Show a film in the basement of a century-old library and the filmmaker dies.
This might resemble the premise of a horror movie, but it’s something that actually happened last Thursday after I screened Agnès Varda’s 1962 film, Cléo from 5 to 7 in class last week. The doyenne of the French New Wave passed away last Friday at the age of 90.
My History of Film class at Pratt Institute meets in the basement of the Pratt Brooklyn library. The library was built in 1896 and is a pretty exquisite building. It is one of the oldest buildings at the Clinton Hill campus, and it features Tiffany stained glass throughout the building. Another ornate feature is that the book spine labels in the stacks are handwritten in a pretty distinct yet clearly standard style.
When our class met this past Thursday, a student remarked that he had heard that Varda had died, and it struck him that he was familiar with her work due to our screening Cléo in class days earlier. The timing was eery for him and for me.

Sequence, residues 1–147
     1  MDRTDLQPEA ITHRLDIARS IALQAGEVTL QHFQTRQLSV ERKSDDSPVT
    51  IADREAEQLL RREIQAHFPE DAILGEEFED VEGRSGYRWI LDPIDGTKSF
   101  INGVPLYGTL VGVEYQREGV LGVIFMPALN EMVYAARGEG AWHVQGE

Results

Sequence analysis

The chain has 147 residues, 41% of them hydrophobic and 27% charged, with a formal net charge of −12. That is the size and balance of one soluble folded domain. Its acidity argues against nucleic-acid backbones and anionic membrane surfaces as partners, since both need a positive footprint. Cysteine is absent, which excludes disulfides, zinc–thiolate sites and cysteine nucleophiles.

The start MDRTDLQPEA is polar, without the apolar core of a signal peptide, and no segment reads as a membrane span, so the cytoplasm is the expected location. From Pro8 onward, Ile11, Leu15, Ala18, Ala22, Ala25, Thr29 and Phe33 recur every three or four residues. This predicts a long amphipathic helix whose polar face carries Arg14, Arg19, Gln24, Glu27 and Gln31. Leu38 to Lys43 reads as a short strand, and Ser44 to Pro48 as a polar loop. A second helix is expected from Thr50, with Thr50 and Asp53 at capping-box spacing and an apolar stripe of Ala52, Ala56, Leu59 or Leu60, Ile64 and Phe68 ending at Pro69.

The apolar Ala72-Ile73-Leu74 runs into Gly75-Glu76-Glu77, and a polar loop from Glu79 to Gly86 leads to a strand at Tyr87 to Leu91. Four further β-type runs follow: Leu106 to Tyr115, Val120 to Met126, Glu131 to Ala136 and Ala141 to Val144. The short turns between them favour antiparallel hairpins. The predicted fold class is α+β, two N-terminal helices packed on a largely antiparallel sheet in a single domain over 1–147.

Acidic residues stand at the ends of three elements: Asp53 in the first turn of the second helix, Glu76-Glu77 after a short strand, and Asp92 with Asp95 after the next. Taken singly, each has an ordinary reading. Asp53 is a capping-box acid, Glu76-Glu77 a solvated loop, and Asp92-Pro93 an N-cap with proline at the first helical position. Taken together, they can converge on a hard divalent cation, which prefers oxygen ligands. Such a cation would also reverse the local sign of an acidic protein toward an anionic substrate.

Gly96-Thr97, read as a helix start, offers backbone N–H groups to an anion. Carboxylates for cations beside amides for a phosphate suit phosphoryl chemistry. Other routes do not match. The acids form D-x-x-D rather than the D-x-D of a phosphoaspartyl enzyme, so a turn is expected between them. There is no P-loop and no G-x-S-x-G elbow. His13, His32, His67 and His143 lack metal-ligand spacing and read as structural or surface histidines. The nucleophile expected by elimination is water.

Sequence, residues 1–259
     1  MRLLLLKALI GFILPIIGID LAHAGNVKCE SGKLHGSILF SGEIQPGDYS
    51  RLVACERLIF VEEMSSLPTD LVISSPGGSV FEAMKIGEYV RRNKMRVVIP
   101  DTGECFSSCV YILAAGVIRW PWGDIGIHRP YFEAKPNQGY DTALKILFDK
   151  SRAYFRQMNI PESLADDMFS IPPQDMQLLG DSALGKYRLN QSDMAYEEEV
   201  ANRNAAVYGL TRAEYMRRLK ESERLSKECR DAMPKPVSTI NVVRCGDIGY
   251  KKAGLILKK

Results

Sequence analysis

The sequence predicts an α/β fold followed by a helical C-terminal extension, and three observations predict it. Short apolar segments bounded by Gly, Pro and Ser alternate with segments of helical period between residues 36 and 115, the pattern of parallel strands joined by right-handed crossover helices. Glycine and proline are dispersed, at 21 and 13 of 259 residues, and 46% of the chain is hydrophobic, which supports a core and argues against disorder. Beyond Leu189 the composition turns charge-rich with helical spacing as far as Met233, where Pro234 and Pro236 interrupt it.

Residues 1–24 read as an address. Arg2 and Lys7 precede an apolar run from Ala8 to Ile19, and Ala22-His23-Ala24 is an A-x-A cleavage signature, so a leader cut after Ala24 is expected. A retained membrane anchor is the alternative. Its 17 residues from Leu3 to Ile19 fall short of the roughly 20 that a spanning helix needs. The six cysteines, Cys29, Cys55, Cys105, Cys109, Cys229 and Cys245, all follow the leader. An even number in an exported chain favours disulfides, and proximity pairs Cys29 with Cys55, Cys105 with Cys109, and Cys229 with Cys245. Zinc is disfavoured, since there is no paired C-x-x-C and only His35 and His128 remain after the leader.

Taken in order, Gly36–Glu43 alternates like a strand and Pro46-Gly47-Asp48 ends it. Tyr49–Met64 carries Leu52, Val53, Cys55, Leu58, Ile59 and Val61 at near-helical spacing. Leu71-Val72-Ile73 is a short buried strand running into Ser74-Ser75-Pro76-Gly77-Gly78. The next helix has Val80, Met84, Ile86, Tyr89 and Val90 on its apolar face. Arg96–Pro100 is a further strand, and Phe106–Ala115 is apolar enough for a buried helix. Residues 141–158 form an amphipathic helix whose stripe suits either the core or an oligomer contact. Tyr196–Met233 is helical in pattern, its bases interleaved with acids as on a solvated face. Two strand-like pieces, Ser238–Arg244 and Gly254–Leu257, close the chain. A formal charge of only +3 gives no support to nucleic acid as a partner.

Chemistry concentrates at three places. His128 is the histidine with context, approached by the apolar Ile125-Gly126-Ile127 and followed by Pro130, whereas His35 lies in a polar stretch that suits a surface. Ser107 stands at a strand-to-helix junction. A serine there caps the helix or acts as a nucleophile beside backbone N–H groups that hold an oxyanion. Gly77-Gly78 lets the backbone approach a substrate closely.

This past week’s class involved a survey of eight American experimental films, and sensitive to the timing of Varda’s death, I noticed that of the eight films, the filmmakers of seven had already died. These are the films and the filmmakers:
|Rose Hobart||1936||Joseph Cornell||1903||1972|
|Meshes of the Afternoon||1943||Maya Deren||1917||1961|
|A Movie||1959||Bruce Conner||1933||2008|
|Wonder Ring||1959||Stan Brakhage||1933||2003|
|Bridges Go Round||1958||Shirley Clarke||1919||1997|
|Scorpio Rising||1964||Kenneth Anger||1927|
As you can see in this list, of the films I screened on Thursday, only Scorpio Rising‘s filmmaker Kenneth Anger remains alive today.
Being a superstitious fellow, I worried that we would somehow curse Kenneth Anger. He is far from a young man, aged 92 years old and as old as Scorpio Rising is, he actually completed his first film in 1947.
So far, forty-eight hours after our class, Anger appears to be alive, and I wish him many more years.